The inventive nanoparticles generally further comprise other supplemental lipids. These supplemental lipids are generally non-brain lipids such as long chain saturated or unsaturated fatty acids. For example, stearic acid, linolic acid, palmitic acid, and linoleic acid may be included as supplemental lipids in nanoparticles. If a brain extract is used, additional lecithin (phosphatidylcholine) may be added to the nanoparticle mixture.
Additionally, other lipids that have desirable properties, such as those that promote stability or extended circulation times, or allow the nanoparticles to avoid detection by a recipient's immune system, may be included in the inventive nanoparticles. For example, lipids that are conjugated to polyethylene glycol (PEG) may be used for this purpose. A PEG-conjugated lipid compound that may be useful is distearoylphosphatidylethanolamine-PEG (DSPE-PEG).
The inventive nanoparticles may be used to encapsulate a wide range of drugs or therapeutic compounds, including but not limited to hydrophobic drugs, anti-cancer drugs, drugs for the treatment of epilepsy, brain injury, amylotrophic lateral sclerosis, bacterial infections, viral infections, or any other drug that may be used to act on the central nervous system or otherwise alter the psychopharmacology of an individual. For example, the compound BMS 182874, which is an endothelin-1 antagonist that has potential applications in stroke but generally exhibits poor penetration into the brain, may be encapsulated in nanoparticles. In addition, other drugs, such as clonidine or taxol, may be encapsulated.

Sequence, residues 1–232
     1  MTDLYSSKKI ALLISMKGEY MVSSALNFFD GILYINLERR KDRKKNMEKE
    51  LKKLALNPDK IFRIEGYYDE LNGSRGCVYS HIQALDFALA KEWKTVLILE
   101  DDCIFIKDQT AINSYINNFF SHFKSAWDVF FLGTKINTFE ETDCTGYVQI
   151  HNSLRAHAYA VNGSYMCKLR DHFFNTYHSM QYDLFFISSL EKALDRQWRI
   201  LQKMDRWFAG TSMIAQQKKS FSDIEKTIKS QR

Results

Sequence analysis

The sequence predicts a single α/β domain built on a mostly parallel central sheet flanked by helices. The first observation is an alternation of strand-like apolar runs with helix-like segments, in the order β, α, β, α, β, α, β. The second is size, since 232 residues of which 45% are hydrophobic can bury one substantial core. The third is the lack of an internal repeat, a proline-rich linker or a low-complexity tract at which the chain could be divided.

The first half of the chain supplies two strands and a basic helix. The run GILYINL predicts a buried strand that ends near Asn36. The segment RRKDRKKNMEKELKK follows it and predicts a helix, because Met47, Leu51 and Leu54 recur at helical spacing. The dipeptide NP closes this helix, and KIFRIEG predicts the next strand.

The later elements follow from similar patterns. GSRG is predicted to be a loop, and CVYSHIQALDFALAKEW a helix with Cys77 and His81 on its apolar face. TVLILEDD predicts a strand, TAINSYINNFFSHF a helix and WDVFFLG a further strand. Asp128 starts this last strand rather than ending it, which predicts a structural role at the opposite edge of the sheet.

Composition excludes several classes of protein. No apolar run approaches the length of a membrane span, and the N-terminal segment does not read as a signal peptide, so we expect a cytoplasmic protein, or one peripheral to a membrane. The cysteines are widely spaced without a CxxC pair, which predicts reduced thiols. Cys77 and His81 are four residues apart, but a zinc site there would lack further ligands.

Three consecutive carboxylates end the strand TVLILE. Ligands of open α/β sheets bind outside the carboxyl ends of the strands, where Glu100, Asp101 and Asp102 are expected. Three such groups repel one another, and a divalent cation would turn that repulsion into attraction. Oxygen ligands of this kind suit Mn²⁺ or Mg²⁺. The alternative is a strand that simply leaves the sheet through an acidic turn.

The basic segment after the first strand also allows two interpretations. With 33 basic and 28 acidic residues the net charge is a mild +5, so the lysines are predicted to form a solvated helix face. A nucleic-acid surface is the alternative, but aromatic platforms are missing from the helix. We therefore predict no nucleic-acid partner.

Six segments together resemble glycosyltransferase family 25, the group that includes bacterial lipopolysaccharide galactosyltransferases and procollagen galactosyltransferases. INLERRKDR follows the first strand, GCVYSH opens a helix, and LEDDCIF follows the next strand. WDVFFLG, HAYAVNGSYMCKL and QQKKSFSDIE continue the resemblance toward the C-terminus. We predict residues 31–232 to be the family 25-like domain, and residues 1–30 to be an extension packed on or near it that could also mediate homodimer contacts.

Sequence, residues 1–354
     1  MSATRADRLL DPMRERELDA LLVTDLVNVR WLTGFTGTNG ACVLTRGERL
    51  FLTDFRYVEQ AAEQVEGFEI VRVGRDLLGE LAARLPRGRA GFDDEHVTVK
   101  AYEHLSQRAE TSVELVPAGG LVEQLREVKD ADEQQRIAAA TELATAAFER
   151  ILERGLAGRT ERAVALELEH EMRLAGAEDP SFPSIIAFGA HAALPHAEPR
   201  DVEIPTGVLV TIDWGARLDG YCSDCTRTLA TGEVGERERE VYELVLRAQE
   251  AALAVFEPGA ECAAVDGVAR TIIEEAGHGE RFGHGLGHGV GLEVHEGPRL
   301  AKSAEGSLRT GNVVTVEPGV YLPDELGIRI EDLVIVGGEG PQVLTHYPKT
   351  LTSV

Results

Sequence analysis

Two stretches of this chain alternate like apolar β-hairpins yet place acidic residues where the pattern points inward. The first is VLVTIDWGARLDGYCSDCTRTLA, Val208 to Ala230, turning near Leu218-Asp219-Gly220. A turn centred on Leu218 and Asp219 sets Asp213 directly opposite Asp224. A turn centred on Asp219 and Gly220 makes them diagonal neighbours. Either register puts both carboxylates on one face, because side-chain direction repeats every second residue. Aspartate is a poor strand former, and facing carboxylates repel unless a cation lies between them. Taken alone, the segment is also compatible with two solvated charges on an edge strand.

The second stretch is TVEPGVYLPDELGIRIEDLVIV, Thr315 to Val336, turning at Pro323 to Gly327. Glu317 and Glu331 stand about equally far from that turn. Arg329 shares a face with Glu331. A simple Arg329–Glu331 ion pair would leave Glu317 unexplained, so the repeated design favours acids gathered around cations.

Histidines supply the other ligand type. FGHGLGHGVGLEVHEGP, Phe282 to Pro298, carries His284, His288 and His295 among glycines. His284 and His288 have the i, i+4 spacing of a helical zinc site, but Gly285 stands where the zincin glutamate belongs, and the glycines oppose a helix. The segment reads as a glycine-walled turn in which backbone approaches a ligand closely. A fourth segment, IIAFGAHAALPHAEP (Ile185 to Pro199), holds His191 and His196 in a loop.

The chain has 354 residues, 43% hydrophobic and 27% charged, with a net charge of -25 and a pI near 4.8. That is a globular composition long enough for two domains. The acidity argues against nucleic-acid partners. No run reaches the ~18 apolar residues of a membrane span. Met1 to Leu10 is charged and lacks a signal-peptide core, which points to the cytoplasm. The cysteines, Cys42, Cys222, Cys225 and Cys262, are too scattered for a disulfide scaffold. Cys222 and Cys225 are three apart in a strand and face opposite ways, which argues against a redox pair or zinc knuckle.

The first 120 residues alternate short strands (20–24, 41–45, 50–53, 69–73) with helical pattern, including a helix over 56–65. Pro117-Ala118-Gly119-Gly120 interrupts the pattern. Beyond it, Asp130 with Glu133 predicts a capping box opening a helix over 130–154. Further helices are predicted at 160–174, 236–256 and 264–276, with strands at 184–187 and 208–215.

The nanoparticles are generally made by dissolving one or more drugs, brain lipids, and other components dissolved in chloroform or other suitable organic solvent. The chloroform may then be evaporated under nitrogen or argon to produce a clear lipid phase. A pre-dispersion of lipid in distilled water may then be prepared by magnetic stirring. This dispersion may then be passed through a high-pressure homogenizer or be sonicated to produce the nanoparticles. If desired, the size of the nanoparticles may be measured by dynamic light scattering, or any other suitable method.
The nanoparticles disclosed herein may be used to treat a variety of conditions that benefit from the introduction of particular compounds to the brain. The nanoparticles may be introduced by any number of suitable means, but in preferred embodiments, they are introduced to an individual intravenously or intraperitoneally.